• A 17-year-old has sued his former Cleveland-area high school
  • He was allegedly sexually assaulted five times by an older teammate, with other team members filming one incident
  • The school and its officials were accused of mishandling the investigation and ignoring the claims

A 17-year-old is suing his former high school in Cleveland, Ohio, alleging that he was sexually assaulted multiple times by a former teammate and that his complaints were ignored by school officials.

The lawsuit accused St. Edward High School in Lakewood of violating the state's Title IX law, which protects students of schools that receive federal money from sexual discrimination, harassment or assault, local news outlet reported. Neither victim nor the other students involved had been identified in the filing.

The teen was sexually assaulted on five separate occasions by an “older and physically stronger” cross-country teammate, according to the suit filed in the U.S. District Court in Cleveland. Other team members allegedly filmed one incident and shared it on social media.

All the incidents took place in 2019 when the victim was a freshman at St. Edward’s, the document said. Three of them allegedly happened at a running camp, one at a hotel in Daytona while the team was attending a meet and the other one during a team meal.

"The students concocted, rehearsed and delivered a false narrative of ‘boys being boys,’ which the administration was quick to believe," Jeffrey Miller, the victim's attorney, said. "St. Edward High School has not investigated any of the claims by the victim or any of the additional content provided to the school by the victim and his parents."

The alleged assaults started when Nathan Brannen, the team's cross-country running coach, urged the victim to attend a week-long running camp in Bellville with his other teammates. It was there, the suit claimed, that the victim was physically assaulted in a sexual manner by an older team member, who was named Delinquent 1 in the suit. The older boy allegedly threw the victim down, pinned his arms and simulated a sex act in each assault.

The lawsuit said the victim did not report the attack out of fear.

The victim was attacked in a similar manner again in September of that year by Delinquent 1, who followed the victim inside a restroom while the team was attending a pre-meet dinner.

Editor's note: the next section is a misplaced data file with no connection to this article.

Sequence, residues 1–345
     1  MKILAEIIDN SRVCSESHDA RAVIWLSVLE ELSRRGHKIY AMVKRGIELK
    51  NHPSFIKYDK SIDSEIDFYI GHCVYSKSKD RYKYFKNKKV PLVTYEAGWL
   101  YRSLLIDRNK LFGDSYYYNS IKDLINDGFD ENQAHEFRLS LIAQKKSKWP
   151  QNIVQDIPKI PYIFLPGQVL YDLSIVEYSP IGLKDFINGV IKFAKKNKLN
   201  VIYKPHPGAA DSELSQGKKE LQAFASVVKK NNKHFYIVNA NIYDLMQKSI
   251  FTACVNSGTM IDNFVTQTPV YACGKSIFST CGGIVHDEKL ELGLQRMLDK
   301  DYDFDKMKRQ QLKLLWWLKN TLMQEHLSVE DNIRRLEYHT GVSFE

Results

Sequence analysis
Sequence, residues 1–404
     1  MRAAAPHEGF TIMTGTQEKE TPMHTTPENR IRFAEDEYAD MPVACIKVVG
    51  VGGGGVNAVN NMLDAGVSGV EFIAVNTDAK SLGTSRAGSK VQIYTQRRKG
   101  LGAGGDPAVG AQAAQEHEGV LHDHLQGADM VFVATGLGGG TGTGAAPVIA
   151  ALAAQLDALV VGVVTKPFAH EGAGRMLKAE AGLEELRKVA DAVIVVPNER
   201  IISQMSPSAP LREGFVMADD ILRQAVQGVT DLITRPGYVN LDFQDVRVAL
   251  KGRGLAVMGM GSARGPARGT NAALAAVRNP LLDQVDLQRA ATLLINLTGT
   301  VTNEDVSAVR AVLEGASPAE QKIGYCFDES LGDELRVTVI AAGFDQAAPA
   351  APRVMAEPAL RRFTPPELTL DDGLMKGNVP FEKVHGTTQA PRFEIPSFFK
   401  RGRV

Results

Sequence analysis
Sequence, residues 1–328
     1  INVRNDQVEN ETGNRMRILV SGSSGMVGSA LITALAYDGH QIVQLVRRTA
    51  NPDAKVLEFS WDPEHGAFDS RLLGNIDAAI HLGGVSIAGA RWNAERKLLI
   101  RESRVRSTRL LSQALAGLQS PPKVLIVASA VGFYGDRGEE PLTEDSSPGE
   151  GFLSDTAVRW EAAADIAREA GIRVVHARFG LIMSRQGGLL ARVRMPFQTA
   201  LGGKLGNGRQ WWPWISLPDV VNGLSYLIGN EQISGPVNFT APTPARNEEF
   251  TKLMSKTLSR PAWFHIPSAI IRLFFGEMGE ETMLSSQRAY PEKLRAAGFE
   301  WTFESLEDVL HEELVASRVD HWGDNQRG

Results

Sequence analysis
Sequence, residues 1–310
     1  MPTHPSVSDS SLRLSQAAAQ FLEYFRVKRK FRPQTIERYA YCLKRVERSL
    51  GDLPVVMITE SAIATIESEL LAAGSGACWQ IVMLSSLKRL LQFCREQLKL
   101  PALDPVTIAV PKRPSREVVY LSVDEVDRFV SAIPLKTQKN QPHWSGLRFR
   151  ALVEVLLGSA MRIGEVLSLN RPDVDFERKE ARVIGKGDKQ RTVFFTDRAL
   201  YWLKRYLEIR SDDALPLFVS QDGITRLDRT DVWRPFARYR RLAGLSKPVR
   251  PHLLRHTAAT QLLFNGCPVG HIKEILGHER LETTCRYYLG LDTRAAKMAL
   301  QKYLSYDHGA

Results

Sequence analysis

"Delinquent 1 and other students then mocked [the victim] and openly laughed about the assault upon returning to the team dinner," the suit alleged.

The last assault happened weeks later when the team stayed in a hotel in Dayton for a meet. According to the lawsuit, Brannen "assigned the students to rooms, and his supervision then ceased in its entirety." Delinquent 1, along with other team members, allegedly entered the victim's room and attacked him again.

"None of the other students intervened and instead were all heard laughing," the document said, adding that other team members filmed the incident and called the footage the "Rape Video."

The video was then shared online nearly a year later on social media platform Snapchat, where the victim's parents saw it, Fox News reported, citing an obtained copy of the lawsuit.

The parents preserved the video and contacted Brannen, who, upon being told of the incidents, allegedly told them that he only wanted to coach the team and not be responsible for their supervision.

Brannen was then accused of admitting to having knowledge of the incidents at the summer camp and trying to discourage the parents from raising the issue with school administrators.

The parents proceeded to present the evidence of harassment to school board president James Kubacki and principal KC McKenna days later, including video and audio records as well as screenshots that allegedly showed degrading comments against the victim, among other pieces of evidence.

The school officials announced an investigation into the incidents, but Kubacki and McKenna were accused of telling the involved students to delete any evidence from their phones and social media before the probe began.

The lawsuit also alleged that the school investigation was handled by "an individual who was neither qualified nor trained to investigate sexual assault, hazing, bullying."

According to the document, the Lakewood Police Department opened an investigation but determined it had no jurisdiction over the events in Dayton where the "Rape Video" had been recorded.

The suit claimed the victim had been repeatedly subjected to harassment and intimidation, suffering from PTSD as a result and prompting him to leave the school and move with his family elsewhere. He, however, still continued to receive intimidating messages from his alleged abusers and former teammates.

The victim's attorney said Delinquent 1 was still on the track and cross-country running teams, as per The accused faces nine criminal charges in Cuyahoga County Juvenile Court over the incidents.

Representation. The victim, a freshman runner at the time, was allegedly assaulted five times by an older team member. Pixabay